1. In Italy, Activist Investors Find a Happy Hunting Ground

    In Italy, Activist Investors Find a Happy Hunting Ground

    MILAN (Reuters) - When U.S. activist investor Elliott Advisers laid siege to Italy's dominant phone company this month, a shiver went through the country's corporate sector. Once a genteel club that resolved its problems in quiet, behind closed doors, corporate Italy is increasingly becoming prey for activist shareholders...

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    1. The Italian market seems to have become ripe for activism, especially in the last three years.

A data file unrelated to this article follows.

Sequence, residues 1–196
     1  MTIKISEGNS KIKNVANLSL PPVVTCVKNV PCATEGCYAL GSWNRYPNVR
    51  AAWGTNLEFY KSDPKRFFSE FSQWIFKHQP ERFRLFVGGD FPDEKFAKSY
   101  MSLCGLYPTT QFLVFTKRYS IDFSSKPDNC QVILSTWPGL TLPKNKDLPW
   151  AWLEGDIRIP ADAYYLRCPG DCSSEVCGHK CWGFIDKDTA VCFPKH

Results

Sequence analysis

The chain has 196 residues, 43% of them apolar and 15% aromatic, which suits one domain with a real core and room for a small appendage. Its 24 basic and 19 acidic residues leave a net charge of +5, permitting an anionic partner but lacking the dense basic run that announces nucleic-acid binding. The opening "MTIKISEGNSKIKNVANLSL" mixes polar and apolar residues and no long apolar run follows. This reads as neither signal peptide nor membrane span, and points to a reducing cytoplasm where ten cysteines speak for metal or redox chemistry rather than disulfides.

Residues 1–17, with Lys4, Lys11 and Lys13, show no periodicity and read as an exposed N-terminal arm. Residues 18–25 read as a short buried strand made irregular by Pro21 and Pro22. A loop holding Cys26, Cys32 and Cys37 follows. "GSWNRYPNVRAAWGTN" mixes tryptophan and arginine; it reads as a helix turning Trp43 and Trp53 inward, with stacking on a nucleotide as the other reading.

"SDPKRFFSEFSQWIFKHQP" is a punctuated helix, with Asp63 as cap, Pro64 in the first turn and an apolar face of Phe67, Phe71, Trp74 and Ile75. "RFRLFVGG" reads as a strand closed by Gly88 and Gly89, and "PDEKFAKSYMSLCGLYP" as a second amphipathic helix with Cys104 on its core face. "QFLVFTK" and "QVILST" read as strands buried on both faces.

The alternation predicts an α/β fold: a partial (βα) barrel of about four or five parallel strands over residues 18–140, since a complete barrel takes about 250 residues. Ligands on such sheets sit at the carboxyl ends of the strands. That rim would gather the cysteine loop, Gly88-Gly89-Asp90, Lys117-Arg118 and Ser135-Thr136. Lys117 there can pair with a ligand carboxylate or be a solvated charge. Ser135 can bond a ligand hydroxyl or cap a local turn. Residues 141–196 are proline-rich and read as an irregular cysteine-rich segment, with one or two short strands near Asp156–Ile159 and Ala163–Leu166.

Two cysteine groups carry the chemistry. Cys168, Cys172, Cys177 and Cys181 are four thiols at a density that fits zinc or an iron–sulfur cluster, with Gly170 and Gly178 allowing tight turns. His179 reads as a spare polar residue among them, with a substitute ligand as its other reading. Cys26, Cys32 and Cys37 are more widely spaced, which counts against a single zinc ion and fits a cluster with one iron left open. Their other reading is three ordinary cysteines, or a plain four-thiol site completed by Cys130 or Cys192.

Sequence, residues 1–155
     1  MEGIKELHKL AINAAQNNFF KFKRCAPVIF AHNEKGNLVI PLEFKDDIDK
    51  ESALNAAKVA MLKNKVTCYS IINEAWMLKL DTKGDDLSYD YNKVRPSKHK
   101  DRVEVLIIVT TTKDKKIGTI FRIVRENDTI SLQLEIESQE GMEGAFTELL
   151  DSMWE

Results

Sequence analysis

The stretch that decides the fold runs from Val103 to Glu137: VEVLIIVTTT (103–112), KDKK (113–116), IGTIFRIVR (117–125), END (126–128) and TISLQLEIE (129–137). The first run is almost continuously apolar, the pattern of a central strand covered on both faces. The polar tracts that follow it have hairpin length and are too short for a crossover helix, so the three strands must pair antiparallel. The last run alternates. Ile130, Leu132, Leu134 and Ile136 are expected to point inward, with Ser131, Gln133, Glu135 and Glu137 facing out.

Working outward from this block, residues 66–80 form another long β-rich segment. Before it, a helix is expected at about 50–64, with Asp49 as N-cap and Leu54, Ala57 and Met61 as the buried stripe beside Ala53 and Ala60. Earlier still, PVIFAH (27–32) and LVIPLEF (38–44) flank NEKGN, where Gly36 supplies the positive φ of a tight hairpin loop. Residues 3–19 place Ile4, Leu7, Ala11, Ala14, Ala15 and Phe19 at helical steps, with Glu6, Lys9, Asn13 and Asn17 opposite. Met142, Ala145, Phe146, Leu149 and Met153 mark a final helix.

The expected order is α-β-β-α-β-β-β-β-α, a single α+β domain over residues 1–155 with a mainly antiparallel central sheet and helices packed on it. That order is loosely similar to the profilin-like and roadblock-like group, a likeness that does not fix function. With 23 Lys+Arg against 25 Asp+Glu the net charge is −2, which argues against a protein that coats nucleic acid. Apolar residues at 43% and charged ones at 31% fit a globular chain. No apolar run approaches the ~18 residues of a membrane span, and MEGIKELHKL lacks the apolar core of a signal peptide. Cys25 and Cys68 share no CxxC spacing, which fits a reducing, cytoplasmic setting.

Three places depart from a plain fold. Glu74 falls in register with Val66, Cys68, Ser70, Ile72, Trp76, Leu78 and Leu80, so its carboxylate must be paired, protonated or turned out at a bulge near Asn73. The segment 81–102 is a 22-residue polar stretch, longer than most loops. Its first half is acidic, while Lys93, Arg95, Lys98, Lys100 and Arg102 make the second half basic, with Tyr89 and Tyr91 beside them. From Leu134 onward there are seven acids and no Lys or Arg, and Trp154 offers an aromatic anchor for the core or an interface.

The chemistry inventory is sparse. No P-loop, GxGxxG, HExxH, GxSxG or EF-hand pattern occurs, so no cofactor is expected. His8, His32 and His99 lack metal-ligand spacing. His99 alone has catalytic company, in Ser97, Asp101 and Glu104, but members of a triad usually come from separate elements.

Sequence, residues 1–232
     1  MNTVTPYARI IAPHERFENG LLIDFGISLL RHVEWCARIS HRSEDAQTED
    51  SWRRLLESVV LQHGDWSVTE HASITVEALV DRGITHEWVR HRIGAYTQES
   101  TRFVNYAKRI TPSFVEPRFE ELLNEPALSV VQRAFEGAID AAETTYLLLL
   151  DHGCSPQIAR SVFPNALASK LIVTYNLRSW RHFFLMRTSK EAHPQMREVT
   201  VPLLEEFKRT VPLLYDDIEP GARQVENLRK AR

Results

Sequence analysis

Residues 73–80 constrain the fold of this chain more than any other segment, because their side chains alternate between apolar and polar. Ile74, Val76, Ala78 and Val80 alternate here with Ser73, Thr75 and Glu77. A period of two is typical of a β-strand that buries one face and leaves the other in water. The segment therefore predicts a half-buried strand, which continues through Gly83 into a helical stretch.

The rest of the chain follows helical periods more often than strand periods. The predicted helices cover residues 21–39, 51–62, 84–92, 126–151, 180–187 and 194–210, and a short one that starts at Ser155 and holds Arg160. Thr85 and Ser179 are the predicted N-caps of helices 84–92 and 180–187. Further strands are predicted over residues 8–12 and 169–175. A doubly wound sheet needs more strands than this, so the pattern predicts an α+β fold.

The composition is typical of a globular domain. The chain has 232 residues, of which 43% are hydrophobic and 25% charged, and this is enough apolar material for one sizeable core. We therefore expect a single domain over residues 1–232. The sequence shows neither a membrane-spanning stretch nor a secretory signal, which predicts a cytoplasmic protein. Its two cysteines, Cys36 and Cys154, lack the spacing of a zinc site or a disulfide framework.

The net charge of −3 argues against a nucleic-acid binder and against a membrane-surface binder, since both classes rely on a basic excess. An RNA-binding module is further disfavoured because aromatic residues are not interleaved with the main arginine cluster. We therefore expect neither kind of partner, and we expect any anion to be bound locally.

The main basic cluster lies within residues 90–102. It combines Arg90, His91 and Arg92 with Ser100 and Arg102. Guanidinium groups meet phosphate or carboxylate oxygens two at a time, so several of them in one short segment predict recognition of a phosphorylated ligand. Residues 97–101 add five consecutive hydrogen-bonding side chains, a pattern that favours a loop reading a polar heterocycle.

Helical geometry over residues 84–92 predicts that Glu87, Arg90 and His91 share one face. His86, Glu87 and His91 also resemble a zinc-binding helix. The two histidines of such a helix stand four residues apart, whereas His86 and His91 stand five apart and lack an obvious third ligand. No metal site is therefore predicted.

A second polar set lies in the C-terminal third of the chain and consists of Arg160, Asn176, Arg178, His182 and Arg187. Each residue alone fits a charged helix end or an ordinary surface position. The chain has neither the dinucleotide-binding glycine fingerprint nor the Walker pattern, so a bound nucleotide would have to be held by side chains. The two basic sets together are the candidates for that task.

2. The shareholder structure of Italian companies has become less concentrated: when the financial crisis started to hamper banks' lending, controlling shareholders were forced to place part of their stakes with institutional investors.
    3. They are now in the position to back the proposals of other shareholders, including those of activist investors, if they create value for all stakeholders.
    4. Political risk is something activist funds are learning to deal with after Knight Vinke's mixed experience with Eni.
    5. Italy is second in the list after the U.S. because it has a decent absolute number of engagements but a relatively low number of publicly traded firms.
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